The text in-between goes back and forth, referring to “men” or “they” or “them” (18:9, 16) and “The LORD” or first-person address from God (18:10, 13-14, 17-21) interchangeably, for the same phenomenon and personal / physical / verbal encounter. But there are three men here; they can’t all plausibly be God. Two of them were angels (indicated by 18:22 and 19:1). Thus, Abraham bowed down to and venerated them, too.

Genesis 27:29 Let peoples serve you, and nations bow down [shachah]  to you. Be lord over your brothers, and may your mother’s sons bow down [shachah] to you. . . .

This is Isaac’s blessing of Jacob.

Genesis 42:6 Now Joseph was governor over the land; he it was who sold to all the people of the land. And Joseph’s brothers came, and bowed themselves [shachah] before him with their faces to the ground.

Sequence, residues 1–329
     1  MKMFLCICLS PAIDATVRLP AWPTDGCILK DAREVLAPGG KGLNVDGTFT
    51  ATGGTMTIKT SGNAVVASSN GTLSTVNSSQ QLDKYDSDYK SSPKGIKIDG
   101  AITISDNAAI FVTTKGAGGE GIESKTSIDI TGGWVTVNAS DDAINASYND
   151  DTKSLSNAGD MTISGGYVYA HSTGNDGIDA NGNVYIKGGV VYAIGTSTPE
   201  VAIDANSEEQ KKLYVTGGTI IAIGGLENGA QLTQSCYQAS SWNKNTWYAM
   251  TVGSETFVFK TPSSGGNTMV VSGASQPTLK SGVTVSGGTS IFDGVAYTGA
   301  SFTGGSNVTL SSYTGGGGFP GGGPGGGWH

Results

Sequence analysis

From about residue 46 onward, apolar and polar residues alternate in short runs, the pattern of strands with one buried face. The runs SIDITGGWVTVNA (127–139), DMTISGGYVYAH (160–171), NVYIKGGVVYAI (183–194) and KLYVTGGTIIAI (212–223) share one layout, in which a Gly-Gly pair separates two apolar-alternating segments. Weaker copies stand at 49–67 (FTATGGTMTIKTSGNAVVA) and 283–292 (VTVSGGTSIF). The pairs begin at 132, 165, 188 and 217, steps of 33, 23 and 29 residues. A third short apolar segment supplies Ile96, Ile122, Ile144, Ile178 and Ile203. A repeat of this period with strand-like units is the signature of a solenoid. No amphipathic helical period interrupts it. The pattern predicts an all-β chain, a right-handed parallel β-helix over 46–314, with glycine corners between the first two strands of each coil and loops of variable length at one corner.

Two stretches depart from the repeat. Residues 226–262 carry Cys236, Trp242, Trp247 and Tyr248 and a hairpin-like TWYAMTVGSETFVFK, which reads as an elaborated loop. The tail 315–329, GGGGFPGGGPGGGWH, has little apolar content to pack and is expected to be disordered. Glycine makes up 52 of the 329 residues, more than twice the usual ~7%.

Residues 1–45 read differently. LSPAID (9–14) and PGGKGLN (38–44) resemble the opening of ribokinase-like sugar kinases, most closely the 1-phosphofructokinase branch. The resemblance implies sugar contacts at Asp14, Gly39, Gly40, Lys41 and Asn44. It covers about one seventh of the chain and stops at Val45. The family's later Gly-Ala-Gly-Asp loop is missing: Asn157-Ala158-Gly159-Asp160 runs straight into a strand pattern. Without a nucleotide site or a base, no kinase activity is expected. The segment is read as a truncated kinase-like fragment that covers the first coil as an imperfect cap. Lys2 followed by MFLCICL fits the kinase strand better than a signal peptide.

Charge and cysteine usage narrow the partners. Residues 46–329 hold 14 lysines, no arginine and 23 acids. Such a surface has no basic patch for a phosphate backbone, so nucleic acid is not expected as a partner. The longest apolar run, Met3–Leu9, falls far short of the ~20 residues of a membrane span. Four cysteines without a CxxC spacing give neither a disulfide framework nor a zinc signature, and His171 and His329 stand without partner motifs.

Genesis 19:1 The two angels came to Sodom in the evening; and Lot was sitting in the gate of Sodom. When Lot saw them, he rose to meet them, and bowed [shachah] himself with his face to the earth,

Lot also clearly venerated two angels, who appear by the text (cf. 18:22 above) to be the same angels whom Abraham had talked to and venerated. They distinguish themselves from the LORD, by saying “the LORD has sent us to destroy [Sodom]” (Gen 19:3).

King Nebuchadnezzar “fell upon his face, and did homage to Daniel” (Dan 2:46; cf. 8:17). Mary Magdalene and Joanna and Mary the mother of James and “other women” (Lk 24:10) “bowed their faces to the ground” before two angels (Lk 24:5). Note that the angels did not tell them not to do so. The Philippian jailer “fell down before Paul and Silas” (Acts 16:29).